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Biden administration steps in to save customers of Silicon Valley Bank

SACHA PFEIFFER, HOST:

The Biden administration is stepping in to prevent a potential nationwide banking crisis. This morning, the president is expected to address the failure of Silicon Valley Bank and Signature Bank. Treasury officials say all SVB customers will be able to get all their funds at no cost to taxpayers. Despite that announcement, the stock of onetime rivals like First Republic Bank is trading down significantly, signaling marketplace fears. Leila spoke with NPR tech reporter Bobby Allyn.

LEILA FADEL, BYLINE: So what exactly is the federal government doing to avert a crisis here?

BOBBY ALLYN, BYLINE: So federal regulators are making sure that customers who have collectively billions of dollars in the bank - that they will be able to get their money, right? So many of these customers are tech startups that said they'd have to cease operations and wouldn't be able to pay their employees unless they could access their funds. Now, federal insurance typically covers up to $250,000 when a bank fails. But more than 90% of Silicon Valley Bank accounts were above that amount. So Treasury officials took the pretty extraordinary step here, Leila, of waiving that insurance cap. So that means all deposits in the bank will be covered using an insurance fund that banks pay into. This is not using taxpayer money.

FADEL: OK. So Biden administration officials seem intent on saying this is not a bailout. But is it a bailout?

ALLYN: Right. I mean, in the traditional sense, no. This isn't the 2008 financial crisis bailout that relied on hundreds of billions of dollars of taxpayer money. That's not the case here. Banks are not being rescued here. In another sense, though, it is the government taking emergency actions to save the bank's depositors. And it's quite notable that the government's intervention is a huge lifeline for the tech industry - right? - an industry that historically has been pretty hostile to government regulation and oversight.

FADEL: So tell me more about that. What did the bank do with all the new money it had?

ALLYN: Well, the bank took a big chunk of this new money and invested it in long-term government securities. And this is where the trouble really started. High interest rates have meant those investments in government securities were not paying off. And at the same time, tech startups were running out of cash and having a really hard time fundraising. So they kept going back to the bank and pulling more and more money out. That created a crisis.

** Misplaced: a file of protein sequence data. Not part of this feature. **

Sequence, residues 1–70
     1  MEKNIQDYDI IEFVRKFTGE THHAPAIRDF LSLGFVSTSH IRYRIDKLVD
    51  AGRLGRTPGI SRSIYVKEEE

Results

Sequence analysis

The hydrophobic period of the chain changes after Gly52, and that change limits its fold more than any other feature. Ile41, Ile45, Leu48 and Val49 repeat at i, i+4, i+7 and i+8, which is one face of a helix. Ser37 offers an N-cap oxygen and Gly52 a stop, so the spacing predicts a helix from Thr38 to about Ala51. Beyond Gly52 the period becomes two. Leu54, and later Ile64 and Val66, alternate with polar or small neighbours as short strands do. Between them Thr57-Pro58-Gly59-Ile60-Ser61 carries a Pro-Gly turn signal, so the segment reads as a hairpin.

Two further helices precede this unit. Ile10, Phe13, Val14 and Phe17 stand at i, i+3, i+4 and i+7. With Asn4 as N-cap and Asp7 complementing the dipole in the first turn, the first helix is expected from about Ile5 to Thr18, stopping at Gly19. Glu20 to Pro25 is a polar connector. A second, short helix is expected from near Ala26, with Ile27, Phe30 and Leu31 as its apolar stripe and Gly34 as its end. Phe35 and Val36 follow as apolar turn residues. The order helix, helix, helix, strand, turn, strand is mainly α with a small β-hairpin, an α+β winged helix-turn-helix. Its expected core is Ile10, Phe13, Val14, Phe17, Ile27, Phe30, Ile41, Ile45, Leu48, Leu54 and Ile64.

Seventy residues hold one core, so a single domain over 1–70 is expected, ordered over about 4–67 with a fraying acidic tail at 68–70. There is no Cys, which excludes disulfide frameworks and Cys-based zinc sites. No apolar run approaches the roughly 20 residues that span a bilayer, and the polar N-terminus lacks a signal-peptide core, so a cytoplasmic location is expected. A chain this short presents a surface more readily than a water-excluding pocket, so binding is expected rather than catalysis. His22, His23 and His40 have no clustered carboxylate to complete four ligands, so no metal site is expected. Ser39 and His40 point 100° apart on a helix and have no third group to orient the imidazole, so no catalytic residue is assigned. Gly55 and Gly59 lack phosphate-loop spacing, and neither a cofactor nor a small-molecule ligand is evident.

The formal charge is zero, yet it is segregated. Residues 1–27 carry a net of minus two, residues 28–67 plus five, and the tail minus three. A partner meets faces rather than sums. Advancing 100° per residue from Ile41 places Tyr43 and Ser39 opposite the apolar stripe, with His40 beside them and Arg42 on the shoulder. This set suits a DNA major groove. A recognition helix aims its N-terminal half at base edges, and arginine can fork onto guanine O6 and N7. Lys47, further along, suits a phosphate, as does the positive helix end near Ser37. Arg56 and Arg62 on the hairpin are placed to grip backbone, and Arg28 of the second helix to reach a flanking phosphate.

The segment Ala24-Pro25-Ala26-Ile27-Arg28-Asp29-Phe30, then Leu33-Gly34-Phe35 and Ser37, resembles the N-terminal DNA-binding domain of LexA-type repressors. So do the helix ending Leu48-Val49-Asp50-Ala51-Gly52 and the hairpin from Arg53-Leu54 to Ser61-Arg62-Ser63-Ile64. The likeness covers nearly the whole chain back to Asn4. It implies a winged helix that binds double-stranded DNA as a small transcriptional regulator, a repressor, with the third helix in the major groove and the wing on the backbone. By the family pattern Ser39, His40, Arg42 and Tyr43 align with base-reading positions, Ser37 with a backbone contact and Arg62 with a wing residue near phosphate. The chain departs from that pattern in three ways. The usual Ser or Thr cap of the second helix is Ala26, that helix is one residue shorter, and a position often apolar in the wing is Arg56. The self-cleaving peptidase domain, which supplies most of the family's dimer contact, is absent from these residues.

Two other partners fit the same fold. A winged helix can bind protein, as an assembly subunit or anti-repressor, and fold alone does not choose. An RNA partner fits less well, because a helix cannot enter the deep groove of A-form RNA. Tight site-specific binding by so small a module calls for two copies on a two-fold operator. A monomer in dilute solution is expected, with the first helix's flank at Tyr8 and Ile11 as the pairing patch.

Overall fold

So the bank said, oh, God, what are we going to do? They decided to sell off a massive amount of these government securities to make sure they just had enough money in the bank, which triggered all sorts of panic. And customers pulled out $42 billion on Thursday alone. And soon after, the bank went under.

FADEL: So what's next for Silicon Valley Bank?

ALLYN: So there's a lot of question around who is to blame. Prominent venture capitalists like Peter Thiel encourage companies to yank money out of the bank. And that has led some to argue that venture capitalists helped fuel this bank run that put the bank under. Others say Silicon Valley Bank executives made unwise investment decisions and that they should be held responsible. President Biden hinted that the administration isn't done looking into this. He said that, quote, "those responsible for the mess will be held to account." But the situation is a big relief to customers who today can get their money.

FADEL: NPR tech reporter Bobby Allyn, thanks so much.

ALLYN: Thanks, Leila. Transcript provided by NPR, Copyright NPR.

Leila Fadel
Leila Fadel is a national correspondent for NPR based in Los Angeles, covering issues of culture, diversity, and race.
Bobby Allyn is a business reporter at NPR based in San Francisco. He covers technology and how Silicon Valley's largest companies are transforming how we live and reshaping society.
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